It’s certainly unrealistic to stop using the apps and websites I need to do homework and stuff.
But other than the essentials, I’m unplugging. I’m not gonna read up on the latest iThing and everything it can do. (I think that’s gonna be the hardest part of this for me. What might Apple do between now and Easter, that I’m gonna miss? I’ve heard rumors of updated iPads sometime this quarter, and of an up-and-coming iWatch sooner or later. Of course, if they do something big, I’ll hear about it somehow or other. But I won’t get to read all the juicy details myself.) I’m not gonna browse the App Store looking for apps to experiment with. I’m not gonna play Letterpress or Angry Birds Star Wars. I’m going to resist the urge to pull out my phone anytime I’m standing in line or waiting around for class to start, just to fill the time. Or to reach for it when I wake up and spend the first minutes of my day reading a review of Blackberry 10.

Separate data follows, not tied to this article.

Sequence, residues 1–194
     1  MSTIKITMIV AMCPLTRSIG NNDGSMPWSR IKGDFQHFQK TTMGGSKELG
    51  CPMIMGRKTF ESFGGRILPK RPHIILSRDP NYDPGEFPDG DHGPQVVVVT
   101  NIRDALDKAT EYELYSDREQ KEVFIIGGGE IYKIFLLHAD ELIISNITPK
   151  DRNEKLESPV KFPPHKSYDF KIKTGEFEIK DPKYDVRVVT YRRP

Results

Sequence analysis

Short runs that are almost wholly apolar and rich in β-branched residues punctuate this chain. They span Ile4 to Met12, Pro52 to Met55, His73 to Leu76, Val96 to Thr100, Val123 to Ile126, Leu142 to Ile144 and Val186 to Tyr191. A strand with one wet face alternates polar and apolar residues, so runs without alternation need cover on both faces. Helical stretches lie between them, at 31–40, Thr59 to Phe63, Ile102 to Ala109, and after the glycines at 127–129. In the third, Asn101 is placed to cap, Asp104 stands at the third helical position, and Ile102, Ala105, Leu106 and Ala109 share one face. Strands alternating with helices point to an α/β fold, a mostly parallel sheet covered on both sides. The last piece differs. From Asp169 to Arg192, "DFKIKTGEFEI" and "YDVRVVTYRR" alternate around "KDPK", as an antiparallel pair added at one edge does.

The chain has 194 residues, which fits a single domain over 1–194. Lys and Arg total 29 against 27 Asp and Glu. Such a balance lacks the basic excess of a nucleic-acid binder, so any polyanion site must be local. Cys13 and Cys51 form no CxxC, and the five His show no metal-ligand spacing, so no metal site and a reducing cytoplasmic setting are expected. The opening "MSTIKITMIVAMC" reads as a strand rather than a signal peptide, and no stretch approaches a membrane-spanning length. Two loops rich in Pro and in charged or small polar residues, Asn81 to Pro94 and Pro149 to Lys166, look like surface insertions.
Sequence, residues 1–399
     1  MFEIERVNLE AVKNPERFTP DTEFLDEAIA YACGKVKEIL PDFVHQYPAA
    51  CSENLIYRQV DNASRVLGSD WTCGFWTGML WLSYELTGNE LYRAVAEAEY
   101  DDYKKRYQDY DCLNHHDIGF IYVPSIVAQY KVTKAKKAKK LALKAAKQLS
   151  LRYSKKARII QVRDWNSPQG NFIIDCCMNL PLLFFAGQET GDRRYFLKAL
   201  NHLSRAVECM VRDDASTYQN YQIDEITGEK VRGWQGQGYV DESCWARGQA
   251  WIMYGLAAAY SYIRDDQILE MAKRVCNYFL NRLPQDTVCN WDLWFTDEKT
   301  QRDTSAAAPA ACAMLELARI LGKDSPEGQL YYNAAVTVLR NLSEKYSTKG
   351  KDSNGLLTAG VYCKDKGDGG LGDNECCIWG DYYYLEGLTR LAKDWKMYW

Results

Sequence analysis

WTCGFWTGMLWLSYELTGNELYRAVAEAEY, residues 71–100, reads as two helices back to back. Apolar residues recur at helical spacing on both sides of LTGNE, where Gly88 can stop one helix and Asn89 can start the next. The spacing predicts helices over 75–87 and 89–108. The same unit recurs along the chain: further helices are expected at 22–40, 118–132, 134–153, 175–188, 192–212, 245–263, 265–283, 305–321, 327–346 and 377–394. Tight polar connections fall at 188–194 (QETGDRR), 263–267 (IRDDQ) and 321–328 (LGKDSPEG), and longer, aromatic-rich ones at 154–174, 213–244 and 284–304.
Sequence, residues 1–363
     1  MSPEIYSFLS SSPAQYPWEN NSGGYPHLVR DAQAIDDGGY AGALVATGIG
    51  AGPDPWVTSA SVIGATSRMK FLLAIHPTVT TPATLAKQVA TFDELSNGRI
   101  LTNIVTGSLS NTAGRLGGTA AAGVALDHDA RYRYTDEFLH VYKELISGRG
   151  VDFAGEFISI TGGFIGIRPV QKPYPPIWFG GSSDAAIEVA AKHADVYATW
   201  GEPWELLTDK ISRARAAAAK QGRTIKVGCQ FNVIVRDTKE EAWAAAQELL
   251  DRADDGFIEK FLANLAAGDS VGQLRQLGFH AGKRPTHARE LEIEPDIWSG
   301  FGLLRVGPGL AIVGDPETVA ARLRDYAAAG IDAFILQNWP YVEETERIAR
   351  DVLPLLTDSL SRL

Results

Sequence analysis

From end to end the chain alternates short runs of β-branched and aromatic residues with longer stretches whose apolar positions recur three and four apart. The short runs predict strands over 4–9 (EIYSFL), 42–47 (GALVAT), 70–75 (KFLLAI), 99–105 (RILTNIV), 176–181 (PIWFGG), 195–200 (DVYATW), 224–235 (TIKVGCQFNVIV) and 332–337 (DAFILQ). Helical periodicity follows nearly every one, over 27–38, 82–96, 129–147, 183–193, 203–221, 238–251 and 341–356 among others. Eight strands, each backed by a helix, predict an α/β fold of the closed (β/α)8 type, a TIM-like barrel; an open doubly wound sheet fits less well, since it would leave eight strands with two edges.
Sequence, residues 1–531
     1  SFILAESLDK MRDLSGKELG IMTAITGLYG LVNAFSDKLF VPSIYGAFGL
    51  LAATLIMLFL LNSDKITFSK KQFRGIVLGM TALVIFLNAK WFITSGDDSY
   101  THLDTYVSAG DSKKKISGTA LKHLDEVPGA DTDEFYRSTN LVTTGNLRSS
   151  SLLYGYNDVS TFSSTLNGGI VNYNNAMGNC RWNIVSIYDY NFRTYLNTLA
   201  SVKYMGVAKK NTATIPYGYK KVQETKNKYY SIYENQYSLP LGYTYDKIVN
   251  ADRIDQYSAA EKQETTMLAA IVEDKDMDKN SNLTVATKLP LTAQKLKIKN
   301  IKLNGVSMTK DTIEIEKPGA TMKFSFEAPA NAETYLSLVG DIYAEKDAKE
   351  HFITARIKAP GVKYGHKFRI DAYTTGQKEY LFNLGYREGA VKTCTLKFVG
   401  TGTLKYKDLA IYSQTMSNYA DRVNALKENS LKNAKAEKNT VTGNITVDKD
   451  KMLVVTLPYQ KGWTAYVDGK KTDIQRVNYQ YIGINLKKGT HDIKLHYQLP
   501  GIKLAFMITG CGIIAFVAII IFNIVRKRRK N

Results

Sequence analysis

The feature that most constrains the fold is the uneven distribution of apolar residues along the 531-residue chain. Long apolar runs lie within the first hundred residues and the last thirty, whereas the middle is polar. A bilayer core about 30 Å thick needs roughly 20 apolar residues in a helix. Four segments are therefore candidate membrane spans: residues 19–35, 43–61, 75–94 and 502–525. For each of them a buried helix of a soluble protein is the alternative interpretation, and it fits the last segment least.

I’m going so far as to rearrange my home screens to put the apps I’ll need on the first one. And not even go to the others. (This is actually a very strategic step. As long as my home screens look like they always do, I won’t think twice about tapping open my News folder and tapping one of the icons sitting inside it, before realizing what I’ve done. But if that folder is nowhere to be found on that first screen, I’ll remember that I’m supposed to be staying away from it.)
I’m even going old-school and pulling my old (imitation?) leather-bound Bible off the shelf. The one with pages and stuff. (The books I’m reading are stuck in iBooks, though, and I think it’s still worth reading those.)
And during these forty days, I’m going to be thinking long-term—about what boundaries I can set on myself in this area for once Lent is over, and about other steps I can take to manage my time a little better.
I will probably still be blogging some. Maybe even a little more frequently, because with more time to hear from God I’ll probably have more stuff to share. But if you were excited about hearing about apps, sorry. I’ll leave you with a consolation mini-review. (Last chance to plug an app here for a while—and this is actually relevant.)